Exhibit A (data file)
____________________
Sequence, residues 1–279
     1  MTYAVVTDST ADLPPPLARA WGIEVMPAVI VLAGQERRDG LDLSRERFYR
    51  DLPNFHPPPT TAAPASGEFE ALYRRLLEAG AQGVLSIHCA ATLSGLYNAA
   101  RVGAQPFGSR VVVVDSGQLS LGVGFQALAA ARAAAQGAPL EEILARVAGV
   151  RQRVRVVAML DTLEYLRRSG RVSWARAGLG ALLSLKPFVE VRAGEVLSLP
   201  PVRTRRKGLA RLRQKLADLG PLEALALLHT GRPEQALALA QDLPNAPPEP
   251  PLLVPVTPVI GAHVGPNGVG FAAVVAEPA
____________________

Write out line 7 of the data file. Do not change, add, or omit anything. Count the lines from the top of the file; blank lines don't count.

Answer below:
   251  PLLVPVTPVI GAHVGPNGVG FAAVVAEPA